“A single green sprouting thing would restore me …”, writes Kenyon in winter, asserting that her life owes much to a rootedness in, and appreciation of, the natural world. A Hundred White Daffodils, edited by her husband, Donald Hall, handles this theme and others in previously uncollected prose, three interviews and a scattering of old and new poems. Of particular interest are Kenyon’s translations of twenty poems by Anna Akhmatova, one of the most respected Russian poets of this century. Regarded as her main muse, and a consistent influence throughout Kenyon’s career, these short lyrics are a celebration of the sensual life, “intense, musical cries of the spirit” telling “the human truth about the complexity of life and death.” In her essay “The Moment of Peonies” Kenyon’s quirky imagination spills forth: “These are not Protestant work-ethic flowers. They loll about in gorgeousness; they live for art; they believe in excess. They are not quite decent, to tell the truth. Neighbors and strangers slow their cars to gawk.” In humble newspaper columns about gardening, community and the life of the writer, her sharp observations, political opinions and simple aesthetics are further enunciated.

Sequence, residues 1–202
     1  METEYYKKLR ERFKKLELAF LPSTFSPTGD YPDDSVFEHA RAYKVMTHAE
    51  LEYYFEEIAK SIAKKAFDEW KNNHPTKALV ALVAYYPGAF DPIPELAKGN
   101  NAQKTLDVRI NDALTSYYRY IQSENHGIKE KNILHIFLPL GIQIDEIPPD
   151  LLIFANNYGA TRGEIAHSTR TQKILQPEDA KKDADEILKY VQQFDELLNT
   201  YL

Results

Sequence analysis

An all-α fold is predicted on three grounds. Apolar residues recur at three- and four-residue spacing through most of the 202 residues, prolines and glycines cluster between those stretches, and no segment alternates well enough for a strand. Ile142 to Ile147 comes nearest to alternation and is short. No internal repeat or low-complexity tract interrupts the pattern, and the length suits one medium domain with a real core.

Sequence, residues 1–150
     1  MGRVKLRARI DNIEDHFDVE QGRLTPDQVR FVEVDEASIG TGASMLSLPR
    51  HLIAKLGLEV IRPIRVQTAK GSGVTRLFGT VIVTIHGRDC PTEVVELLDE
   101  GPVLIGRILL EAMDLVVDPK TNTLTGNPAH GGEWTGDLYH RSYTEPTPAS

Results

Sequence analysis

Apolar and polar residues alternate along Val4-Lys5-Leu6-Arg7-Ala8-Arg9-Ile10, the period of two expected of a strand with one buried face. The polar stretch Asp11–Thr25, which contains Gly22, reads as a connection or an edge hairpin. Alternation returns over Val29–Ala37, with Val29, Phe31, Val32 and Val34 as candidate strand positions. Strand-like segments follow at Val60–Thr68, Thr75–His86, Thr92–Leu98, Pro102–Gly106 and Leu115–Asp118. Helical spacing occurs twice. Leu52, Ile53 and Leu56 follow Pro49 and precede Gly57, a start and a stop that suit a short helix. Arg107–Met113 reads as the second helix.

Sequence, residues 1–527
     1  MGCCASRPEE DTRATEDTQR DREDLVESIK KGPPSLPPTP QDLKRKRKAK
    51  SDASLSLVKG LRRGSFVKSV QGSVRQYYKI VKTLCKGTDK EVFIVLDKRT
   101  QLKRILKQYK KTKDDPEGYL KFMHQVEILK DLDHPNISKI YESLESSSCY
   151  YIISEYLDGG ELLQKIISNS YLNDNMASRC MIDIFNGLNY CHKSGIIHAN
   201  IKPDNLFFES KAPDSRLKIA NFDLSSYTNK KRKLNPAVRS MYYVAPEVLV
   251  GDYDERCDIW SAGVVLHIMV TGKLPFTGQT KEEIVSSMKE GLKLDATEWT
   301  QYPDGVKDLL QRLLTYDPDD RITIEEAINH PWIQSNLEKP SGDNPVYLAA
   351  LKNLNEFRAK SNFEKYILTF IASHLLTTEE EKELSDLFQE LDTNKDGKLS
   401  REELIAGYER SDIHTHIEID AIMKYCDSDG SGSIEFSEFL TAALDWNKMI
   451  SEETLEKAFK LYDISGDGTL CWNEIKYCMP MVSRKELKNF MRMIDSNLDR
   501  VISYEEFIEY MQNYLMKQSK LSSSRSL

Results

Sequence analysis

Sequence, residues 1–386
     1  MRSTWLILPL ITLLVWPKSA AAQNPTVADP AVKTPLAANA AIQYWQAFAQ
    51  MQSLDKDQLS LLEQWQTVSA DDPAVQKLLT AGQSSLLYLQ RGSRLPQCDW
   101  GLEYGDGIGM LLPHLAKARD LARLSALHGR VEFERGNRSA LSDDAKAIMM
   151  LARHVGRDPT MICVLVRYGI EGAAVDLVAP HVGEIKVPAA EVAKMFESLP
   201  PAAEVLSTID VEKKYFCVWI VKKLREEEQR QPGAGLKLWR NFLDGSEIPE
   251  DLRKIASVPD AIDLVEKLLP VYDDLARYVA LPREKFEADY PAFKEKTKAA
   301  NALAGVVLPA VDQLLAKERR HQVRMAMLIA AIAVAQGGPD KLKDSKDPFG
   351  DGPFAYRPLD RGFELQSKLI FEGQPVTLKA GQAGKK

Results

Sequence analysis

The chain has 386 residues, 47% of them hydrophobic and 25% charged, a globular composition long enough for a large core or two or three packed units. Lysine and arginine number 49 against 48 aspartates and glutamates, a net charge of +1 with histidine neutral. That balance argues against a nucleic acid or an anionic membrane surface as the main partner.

Throughout the book, Kenyon’s characteristic use of everyday objects as symbols for larger themes results in an engaging directness. For example, a hoe abandoned in long grass at dusk and a ripe peach for breakfast are assigned a significance that animates the landscape and does not favor sentient, over non-sentient, beings. Also included is a new long poem, “Woman, Why Are You Weeping,” investigating Kenyon’s sudden ambivalence about Christianity during a visit to India. Conversely, she tells an interviewer about her religious faith, so often invoked in the poems dealing with the cancer that eventually killed her in 1995: “Let the fox go back to its sandy den./ Let the wind die down. Let the shed/ Go black inside. Let evening come.” Here, and elsewhere, Kenyon’s awareness of her own mortality brings her to an appreciation of the quotidian events in her life. Within this cosmological framework, Kenyon offers literature that matters, with a spareness that is accessible to a wide readership.
Holly Wren Spaulding
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